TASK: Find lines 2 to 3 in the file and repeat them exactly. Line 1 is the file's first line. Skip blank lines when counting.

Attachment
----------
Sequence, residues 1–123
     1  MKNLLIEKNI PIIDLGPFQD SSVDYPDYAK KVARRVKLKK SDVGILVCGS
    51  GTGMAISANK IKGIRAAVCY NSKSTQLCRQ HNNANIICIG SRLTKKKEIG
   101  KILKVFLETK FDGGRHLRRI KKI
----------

     1  MKNLLIEKNI PIIDLGPFQD SSVDYPDYAK KVARRVKLKK SDVGILVCGS
    51  GTGMAISANK IKGIRAAVCY NSKSTQLCRQ HNNANIICIG SRLTKKKEIG